“We are committed … this is an obligation and hopefully the opposition will continue to take part in the talks,” Jorge Arreaza said.
Representatives of the Venezuelan government are meeting with leaders of the country’s opposition in the Dominican Republic to continue dialogue aimed at promoting peace and unity.
Delegates from both sides are resuming talks after a two-week hiatus. Members of the Democratic Unity Roundtable coalition are representing the opposition.
“The Venezuelan government is absolutely willing to dialogue,” Venezuelan Foreign Minister Jorge Arreaza said.
“We are committed … this is an obligation and hopefully the opposition will continue to take part in the talks.”
After previous two-day discussions ended on Dec. 2, Dominican President Danilo Medina, a lead broker in the negotiations, said “the government and the opposition declare that there has been significant progress in the search for an agreement that peacefully resolves the situation in Venezuela.”
“It’s better to go slowly so that things go well,” he added.
Representatives from Bolivia, Chile, Mexico, Nicaragua and St. Vincent and the Grenadines, as well as former Spanish Prime Minister Jose Luis Zapatero, will continue to observe the talks.
Negotiations will focus on six pending agenda points that include, on the part of the government, that the opposition recognize the legitimacy of the freely-elected National Constituent Assembly, ANC, in place since August. They also want the opposition to stop working with the U.S. government to enact strict economic and political sanctions against the Venezuelan government.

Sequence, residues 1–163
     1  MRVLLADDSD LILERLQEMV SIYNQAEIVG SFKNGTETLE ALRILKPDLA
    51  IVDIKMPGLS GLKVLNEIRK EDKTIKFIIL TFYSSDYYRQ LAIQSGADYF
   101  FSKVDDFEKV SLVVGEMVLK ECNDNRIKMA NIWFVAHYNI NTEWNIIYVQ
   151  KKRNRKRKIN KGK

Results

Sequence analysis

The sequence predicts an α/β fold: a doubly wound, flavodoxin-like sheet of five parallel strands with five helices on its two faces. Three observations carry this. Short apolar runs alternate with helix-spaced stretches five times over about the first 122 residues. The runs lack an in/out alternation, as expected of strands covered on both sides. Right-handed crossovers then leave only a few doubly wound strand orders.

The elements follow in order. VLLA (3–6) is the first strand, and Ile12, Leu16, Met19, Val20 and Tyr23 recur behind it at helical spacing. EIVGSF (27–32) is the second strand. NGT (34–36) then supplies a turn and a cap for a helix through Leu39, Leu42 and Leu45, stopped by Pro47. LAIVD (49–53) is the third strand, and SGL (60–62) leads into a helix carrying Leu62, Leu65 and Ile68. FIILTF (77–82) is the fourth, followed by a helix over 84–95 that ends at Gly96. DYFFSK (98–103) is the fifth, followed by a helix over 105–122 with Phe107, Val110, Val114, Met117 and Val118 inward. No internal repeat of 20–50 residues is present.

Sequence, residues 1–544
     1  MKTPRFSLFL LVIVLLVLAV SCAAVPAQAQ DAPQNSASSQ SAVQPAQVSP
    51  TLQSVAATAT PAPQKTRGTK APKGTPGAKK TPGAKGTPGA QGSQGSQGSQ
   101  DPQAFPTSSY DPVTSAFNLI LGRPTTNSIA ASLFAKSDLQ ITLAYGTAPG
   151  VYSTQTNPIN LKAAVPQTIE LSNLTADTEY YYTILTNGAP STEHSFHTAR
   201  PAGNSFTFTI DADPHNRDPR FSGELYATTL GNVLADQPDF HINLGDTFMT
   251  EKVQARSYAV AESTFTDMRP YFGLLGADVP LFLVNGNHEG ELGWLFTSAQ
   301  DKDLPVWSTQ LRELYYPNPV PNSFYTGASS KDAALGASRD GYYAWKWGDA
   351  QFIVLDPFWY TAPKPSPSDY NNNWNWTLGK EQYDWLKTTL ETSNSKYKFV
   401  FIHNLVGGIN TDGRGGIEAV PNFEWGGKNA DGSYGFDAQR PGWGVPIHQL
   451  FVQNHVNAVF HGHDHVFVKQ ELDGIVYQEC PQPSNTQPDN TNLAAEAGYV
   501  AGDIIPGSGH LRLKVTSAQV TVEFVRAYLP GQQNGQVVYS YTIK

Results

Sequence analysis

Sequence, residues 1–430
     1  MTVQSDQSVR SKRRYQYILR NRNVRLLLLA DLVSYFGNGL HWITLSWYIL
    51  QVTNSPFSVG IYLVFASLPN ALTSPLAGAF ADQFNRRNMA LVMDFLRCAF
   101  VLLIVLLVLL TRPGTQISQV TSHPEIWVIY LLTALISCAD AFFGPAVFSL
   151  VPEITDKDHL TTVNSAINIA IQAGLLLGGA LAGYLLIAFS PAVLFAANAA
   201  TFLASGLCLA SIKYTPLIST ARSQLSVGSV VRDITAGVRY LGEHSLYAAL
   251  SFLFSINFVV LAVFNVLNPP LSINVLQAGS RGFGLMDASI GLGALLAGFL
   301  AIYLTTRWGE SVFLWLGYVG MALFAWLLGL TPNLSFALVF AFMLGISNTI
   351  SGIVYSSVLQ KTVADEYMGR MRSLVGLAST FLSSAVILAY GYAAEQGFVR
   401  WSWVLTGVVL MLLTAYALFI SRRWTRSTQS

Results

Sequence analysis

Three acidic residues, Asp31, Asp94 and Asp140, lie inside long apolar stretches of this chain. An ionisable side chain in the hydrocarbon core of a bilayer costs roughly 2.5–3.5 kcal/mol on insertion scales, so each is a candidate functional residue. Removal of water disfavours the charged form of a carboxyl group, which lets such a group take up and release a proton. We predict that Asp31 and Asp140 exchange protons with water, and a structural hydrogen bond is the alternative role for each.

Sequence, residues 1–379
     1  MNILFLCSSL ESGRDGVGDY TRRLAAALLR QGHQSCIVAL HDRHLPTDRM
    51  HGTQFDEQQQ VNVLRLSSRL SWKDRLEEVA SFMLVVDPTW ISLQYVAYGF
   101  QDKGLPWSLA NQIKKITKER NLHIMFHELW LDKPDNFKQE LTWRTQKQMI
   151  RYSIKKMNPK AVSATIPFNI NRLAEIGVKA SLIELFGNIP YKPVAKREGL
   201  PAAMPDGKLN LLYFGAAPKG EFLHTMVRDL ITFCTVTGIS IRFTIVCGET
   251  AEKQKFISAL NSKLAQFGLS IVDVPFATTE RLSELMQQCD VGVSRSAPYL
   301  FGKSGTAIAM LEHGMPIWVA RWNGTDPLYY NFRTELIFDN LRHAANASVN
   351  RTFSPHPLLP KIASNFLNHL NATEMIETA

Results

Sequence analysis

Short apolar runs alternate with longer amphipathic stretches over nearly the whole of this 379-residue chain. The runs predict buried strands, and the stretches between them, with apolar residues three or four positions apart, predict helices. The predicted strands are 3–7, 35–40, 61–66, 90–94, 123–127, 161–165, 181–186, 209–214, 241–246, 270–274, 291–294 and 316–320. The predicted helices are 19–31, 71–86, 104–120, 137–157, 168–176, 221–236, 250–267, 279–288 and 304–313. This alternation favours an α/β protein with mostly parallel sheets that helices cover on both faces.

The opposition, lead by Simon Calzadilla, is looking to install a new National Electoral Council, CNE, to agree upon special conditions on the 2018 presidential elections, and to replace the ANC with a new National Assembly.
Opposition leaders also want to open the country to “humanitarian aid,” which could potentially happen if U.S. sanctions are lifted.
Arreaza told EFE that the government hopes to “guarantee a peaceful coexistence where the law is respected and where violence is left out of any political game,” referring to opposition-incited riots last April that left over 100 dead and caused millions of dollars of damages to public and private properties.
The Dec. 1 and 2 negotiations between the Venezuelan government and the opposition were a watershed moment in the country’s recent political history as President Nicolas Maduro had called for peace talks to begin over 300 times since he took office in 2013. After the government’s United Socialist Party of Venezuela swept the country’s municipal elections in October, the opposition conceded to talk.
“We’ll be at the meetings with the opposition,” Arreaza said.
“After so much insistence, we’ve been able to get them to sit … at the dialogue table to settle and resolve the social, economic and political problems in Venezuela.